Jan 13, 2020
Automate routine engineering processes - and save considerable time - with the OpticStudio ZOS-API
Watch the webinar now
One of the biggest challenges facing optical designers today is the need to perform many tasks manually. ZOS-API power-user Brian Catanzaro, Ph.D. and principal at CFE Services, is successfully using the OpticStudio application programming interface to automate routine procedures while also adding powerful functionality. In this recorded webinar titled Unleash the power of OpticStudio through the ZOS-API, Dr. Catanzaro shares detailed case studies demonstrating innovative uses of the ZOS-API. Watch the webinar and gain insights from Dr. Catanzaro and host Zemax Senior Product Manager Thomas Pickering on how to streamline the engineering workflow in OpticStudio.
Why the ZOS-API is so innovative
It is exceedingly time-consuming and frustrating for optical designers to create one-off procedures for repetitive tasks like alignment and testing spot size in every scenario. Eliminate or reduce this manual effort using ZOS-API, a powerful application programming interface for OpticStudio built using .NET libraries. ZOS-API enables you to streamline your workflow and customize OpticStudio in any way, such as adding custom analyses and operands in OpticStudio, automating calculations and processes like real-time production monitoring, and reformatting post-processing data for manufacturing needs.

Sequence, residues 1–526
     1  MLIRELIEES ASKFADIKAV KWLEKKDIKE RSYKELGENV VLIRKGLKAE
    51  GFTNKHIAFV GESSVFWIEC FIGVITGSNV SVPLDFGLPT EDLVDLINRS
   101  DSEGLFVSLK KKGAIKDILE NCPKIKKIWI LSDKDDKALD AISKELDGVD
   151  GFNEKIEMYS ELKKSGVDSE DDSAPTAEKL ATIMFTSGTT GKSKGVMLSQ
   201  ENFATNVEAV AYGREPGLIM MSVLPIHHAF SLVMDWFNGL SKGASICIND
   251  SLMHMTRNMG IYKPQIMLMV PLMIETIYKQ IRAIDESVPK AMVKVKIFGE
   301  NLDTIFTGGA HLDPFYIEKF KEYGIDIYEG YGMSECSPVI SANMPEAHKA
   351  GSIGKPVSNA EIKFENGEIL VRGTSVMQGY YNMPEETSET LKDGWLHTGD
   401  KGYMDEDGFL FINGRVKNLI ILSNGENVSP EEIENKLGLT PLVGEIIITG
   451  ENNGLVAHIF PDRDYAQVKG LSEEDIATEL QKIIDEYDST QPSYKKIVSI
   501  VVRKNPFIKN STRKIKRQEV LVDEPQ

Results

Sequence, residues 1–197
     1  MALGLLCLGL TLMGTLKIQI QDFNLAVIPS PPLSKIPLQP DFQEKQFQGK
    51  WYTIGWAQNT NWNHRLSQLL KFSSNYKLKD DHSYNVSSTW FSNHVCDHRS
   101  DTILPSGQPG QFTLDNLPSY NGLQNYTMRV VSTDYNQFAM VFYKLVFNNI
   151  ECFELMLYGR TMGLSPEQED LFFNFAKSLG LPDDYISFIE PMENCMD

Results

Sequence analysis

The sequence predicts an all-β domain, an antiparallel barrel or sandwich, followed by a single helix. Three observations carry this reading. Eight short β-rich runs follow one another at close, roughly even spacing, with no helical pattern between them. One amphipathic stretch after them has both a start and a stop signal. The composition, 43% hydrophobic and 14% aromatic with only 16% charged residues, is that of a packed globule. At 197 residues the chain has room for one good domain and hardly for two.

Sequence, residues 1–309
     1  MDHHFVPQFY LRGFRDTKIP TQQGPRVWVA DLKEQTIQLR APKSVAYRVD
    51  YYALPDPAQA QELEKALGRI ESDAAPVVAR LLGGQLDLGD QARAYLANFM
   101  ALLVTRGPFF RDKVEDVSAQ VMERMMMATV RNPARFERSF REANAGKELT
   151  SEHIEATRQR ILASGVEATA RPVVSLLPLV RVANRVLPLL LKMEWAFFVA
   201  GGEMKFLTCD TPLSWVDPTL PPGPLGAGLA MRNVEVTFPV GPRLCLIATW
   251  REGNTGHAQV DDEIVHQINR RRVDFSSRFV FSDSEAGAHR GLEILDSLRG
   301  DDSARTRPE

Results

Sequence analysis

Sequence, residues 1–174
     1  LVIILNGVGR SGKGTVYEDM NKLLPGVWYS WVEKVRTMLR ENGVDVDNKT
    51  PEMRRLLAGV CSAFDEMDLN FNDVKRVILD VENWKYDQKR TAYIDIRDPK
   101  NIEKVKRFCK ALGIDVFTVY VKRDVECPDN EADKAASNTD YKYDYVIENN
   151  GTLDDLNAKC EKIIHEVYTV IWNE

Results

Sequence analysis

What you’ll learn from Dr. Catanzaro
Dr. Catanzaro is an independent consultant in the field of product development of systems. He holds a Ph.D. in Applied Physics from the Electrical and Computer Engineering Department of University of California, San Diego as well as a B.S. degree in Applied Physics from the California Institute of Technology.
As principal of CFE Services, he has wide-ranging expertise using the ZOS-API to develop sophisticated products efficiently. Dr. Catanzaro showcases the following case studies to demonstrate how OpticStudio makes it possible to do more in less time, answer tough questions, and arrive at repeatable results.
Case study 1: How to provide a verifiable design to ensure that optical exposure of a moving fluid is sufficiently uniform for regulatory agencies.
Case study 2: How to convert a Gaussian beam to a Tophat distribution in a complex element design in order to improve consistency, get a more uniform illumination, and use laser power more efficiently.
Case study 3: How to use ensemble STOP modeling to determine whether a balloon-borne telescope in the Earth’s atmosphere can perform effectively despite challenging conditions like wide temperature swings and a series of elevation angles.